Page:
FOR BREAKING NEWS VISIT WWW.QNS.COM SEPTEMBER 17, 2020 • THE QUEENS COURIER 11
Q&A with Judge Maurice E. Muir
BY DEAN MOSES
Schneps Media is sitting down with judges
across the city’s court systems to discuss
their roles and how they’ve changed in the
age of COVID-19. Th is week’s interview is
with the Hon. Maurice E. Muir, Supreme
Court Justice and Civil Court Judge in
Schneps Media: Could you describe your
duties as a judge?
Hon. Maurice E. Muir: As a Supreme
Court judge, we are essentially rendering
decisions in connection with various matters,
which could include personal injury,
contracts, mortgage foreclosures and
SM: Are there any misconceptions people
have about judges you would like to
MM: It’s just human nature — people are
going to have their own opinions. I really
try to focus on getting the decision right;
that’s what is really important to me. Th at’s
what a judge should really be doing: trying
to get that decision right. For some reason
or another, if the parties are not in agreement
with the decision, they have the right
to appeal. Judges are human beings like
SM: How has the position/proceedings
changed during the pandemic?
MM: Right now, we are not doing jury
trials or trials. A lot of our decisions happen
to be done in writing and there are
still motions that have to be resolved. Th e
motions are being done electronically. We
print out from the e-fi le system and render
a decision. Th ere are certain cases where
we would have to speak to the parties virtually.
Judges now have to become more
sophisticated with technology. Whether
it is through Skype Business or Microsoft
Teams, we get the parties together to discuss
SM: Have the technical advancements
been an upgrade for the court system?
MM: I don’t necessarily agree with that.
When you look at technology on a broad
scale, it really means that there is less personalization.
It also means that there are
people losing their jobs. If a judge doesn’t
have the benefi t of seeing a person, assessing
their credibility, whether they are parties
or attorneys, then I think there are disadvantages
along with the technological
Also, I have to spend a little more time
organizing things. You have to organize
Skype meetings for the virtual case conferences.
We had some time to catch up on
motions since we are not doing trials and
not spending inordinate amount of time
speaking with attorneys personally. In the
beginning, we had a chance during the
pandemic closure (March, April, May, and
the beginning to June) when motions were
completely stopped, so it gave us time to
catch up on the ones we already had.
SM: What does a motion entail?
MM: A motion is where a party is seeking
some sort of relief. Typically, the relief
they are seeking is that they want a summary
judgement motion (a ruling on
whether or not there is a need for a trial),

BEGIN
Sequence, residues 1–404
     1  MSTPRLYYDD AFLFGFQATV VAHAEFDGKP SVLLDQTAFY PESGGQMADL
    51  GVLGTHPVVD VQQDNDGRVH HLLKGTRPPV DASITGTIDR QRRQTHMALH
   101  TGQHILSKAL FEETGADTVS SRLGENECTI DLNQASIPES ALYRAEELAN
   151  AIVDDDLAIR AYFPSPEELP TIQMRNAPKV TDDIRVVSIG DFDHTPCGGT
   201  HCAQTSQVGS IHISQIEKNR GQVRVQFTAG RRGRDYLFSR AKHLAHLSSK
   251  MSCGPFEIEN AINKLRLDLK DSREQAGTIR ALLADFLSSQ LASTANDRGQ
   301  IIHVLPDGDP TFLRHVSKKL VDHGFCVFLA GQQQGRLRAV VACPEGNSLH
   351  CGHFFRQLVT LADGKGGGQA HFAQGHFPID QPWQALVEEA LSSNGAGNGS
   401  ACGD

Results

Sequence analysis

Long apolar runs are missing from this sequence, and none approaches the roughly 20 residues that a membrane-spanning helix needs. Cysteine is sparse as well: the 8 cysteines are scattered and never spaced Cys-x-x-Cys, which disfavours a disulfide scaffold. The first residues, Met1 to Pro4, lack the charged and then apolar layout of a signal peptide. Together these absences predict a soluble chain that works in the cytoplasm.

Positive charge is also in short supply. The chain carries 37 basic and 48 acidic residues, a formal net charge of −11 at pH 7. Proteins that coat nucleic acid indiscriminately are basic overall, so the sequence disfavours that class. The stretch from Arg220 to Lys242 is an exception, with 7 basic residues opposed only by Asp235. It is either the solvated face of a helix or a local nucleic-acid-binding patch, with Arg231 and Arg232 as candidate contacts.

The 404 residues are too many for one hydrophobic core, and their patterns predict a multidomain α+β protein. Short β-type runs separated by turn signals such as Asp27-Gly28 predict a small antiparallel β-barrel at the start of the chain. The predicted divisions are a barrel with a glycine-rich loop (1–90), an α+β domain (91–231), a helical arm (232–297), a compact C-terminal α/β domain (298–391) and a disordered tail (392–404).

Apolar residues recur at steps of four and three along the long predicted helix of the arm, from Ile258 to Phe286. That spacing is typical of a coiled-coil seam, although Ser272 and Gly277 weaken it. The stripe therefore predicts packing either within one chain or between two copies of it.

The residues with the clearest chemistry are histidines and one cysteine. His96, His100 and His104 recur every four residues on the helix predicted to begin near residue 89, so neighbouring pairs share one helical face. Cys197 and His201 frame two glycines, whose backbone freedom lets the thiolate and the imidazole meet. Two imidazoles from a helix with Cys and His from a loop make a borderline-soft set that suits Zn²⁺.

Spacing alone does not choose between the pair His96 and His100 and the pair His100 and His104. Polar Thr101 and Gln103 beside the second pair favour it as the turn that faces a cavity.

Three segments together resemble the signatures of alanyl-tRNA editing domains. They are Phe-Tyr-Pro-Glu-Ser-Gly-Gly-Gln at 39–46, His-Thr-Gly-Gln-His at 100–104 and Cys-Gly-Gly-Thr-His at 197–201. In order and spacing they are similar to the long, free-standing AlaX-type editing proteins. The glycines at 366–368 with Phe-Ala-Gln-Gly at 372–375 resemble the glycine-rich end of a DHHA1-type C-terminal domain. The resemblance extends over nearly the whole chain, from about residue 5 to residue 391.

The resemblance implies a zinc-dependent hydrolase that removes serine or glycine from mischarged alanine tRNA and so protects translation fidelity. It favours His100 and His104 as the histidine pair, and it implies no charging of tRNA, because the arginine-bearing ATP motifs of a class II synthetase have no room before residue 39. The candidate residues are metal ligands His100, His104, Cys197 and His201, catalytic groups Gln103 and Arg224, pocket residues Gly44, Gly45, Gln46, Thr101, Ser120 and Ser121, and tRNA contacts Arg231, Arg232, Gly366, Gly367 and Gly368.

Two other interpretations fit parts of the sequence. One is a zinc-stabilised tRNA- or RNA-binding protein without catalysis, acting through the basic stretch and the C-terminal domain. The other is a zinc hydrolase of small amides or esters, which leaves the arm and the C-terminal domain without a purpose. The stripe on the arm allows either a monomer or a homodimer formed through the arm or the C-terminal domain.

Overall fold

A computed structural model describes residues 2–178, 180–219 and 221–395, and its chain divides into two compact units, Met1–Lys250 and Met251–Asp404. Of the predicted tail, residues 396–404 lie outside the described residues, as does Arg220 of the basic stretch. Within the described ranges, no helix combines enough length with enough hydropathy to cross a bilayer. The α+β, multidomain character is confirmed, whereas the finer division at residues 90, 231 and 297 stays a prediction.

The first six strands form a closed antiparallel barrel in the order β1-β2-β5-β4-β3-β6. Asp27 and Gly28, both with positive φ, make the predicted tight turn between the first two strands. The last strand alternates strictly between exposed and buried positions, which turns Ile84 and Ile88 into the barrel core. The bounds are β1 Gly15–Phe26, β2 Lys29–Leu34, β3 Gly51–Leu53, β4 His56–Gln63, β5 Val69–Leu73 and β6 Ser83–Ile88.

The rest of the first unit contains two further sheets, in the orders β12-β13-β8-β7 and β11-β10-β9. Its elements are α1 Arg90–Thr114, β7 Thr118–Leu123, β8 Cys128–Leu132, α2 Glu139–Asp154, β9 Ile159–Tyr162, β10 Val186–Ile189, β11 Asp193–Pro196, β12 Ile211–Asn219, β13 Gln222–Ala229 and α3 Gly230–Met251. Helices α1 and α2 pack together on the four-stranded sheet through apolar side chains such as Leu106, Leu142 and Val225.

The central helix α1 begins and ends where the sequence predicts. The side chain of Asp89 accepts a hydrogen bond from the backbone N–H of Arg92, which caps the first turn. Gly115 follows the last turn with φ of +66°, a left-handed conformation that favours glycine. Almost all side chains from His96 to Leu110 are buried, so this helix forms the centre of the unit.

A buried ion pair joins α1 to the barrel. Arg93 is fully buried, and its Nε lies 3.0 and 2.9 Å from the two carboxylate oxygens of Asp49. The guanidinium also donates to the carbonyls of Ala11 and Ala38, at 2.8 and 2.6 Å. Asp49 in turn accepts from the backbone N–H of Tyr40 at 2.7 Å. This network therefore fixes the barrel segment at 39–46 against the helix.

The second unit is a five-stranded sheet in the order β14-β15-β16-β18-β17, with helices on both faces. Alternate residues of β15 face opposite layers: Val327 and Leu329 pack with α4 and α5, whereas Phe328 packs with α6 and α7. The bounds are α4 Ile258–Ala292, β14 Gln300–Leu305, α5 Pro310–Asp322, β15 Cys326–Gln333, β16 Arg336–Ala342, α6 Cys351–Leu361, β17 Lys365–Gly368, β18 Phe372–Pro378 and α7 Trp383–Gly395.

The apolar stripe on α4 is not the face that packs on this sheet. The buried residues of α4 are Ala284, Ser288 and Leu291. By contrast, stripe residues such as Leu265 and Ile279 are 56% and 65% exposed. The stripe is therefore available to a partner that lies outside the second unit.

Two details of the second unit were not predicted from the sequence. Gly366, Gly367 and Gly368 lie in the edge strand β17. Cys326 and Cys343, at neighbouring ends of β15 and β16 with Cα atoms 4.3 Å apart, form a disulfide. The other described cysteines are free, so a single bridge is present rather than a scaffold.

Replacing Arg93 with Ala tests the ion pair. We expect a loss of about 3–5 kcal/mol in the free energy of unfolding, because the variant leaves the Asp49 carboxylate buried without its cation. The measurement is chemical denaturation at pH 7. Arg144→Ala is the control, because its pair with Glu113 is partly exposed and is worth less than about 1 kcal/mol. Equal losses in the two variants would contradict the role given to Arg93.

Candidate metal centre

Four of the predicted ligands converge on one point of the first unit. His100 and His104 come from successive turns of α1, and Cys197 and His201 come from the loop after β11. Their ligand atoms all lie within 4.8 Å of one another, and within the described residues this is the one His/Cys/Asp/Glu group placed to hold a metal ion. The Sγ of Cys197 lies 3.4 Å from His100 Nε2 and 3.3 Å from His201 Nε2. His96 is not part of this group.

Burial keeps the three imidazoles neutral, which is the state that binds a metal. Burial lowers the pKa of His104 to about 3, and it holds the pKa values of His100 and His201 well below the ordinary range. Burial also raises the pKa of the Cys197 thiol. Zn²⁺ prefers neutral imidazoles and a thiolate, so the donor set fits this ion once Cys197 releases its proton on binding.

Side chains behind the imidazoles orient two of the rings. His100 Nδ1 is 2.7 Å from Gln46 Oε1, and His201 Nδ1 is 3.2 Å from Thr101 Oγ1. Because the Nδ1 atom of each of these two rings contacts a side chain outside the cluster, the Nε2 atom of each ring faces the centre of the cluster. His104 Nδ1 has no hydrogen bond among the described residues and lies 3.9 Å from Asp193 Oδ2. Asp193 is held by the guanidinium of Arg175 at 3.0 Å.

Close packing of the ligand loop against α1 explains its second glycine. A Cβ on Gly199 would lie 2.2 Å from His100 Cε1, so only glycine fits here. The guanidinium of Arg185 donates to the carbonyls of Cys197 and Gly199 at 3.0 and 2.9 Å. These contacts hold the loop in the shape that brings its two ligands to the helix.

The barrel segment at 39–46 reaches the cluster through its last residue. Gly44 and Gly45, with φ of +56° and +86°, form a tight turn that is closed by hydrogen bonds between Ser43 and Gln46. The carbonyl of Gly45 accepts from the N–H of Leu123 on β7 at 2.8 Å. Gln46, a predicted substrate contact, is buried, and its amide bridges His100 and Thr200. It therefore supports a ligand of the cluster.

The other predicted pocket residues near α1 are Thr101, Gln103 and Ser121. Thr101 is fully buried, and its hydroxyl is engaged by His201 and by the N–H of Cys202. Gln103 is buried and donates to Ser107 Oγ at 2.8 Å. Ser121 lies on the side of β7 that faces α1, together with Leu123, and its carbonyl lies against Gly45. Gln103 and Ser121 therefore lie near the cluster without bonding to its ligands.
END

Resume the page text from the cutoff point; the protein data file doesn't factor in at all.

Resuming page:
a motion for default judgment (where one
of the parties failed to appear), or a motion
for discovery (another party is not giving
them what they are entitled to by law).
SM: What are some of the most common
problems you deal with at work?
MM: Initially, the problem since the
pandemic was that you had to make sure
you have your own laptop, desktop or
printer, so you could do your decisions
by e-fi le. Th en again you have to organize
things much more, track cases more electronically.
Another problem is that some of the
Pro Se parties (people representing themselves)
need technology so that they can
participate in the litigation. If they don’t
have access to Skype or the electronically
fi led documents, I would envision that is
a problem for them. Th e courts have to be
fl exible and make adjustments.
SM: Is there a silver lining that you can
fi nd from the pandemic?
MM: I think that technology is really a
double-edged sword. It has it has pros and
cons. Nothing is perfect.
SM: Are there some hobbies or pastimes
you enjoy partaking in during
Photo courtesy of the Hon. Maurice E. Muir,
Supreme Court Justice and Civil Court Judge in
your free time?
MM: Well, because of COVID-19, I’ve
been able to work on my gardening. Now, I
can take a break, water my grass and plant
fl owers. I’ve planted a few rose bushes, and
I’ve got a bunch of fl owers lined up that I
get to water.
Gardening was something that I inherited
from my father and I have tried to
improve on it over the past 30 years. I’m
still in the house I grew up in 50 years ago,
so my father had planted a bunch of rose
bushes around the fences. Over the years,
some of those rose bushes died. So, I’ve
replanted them all.
I’ve also taken up more bike riding.
When I was at home, aft er doing my conferences,
I can get on my bike and do a
couple of miles.
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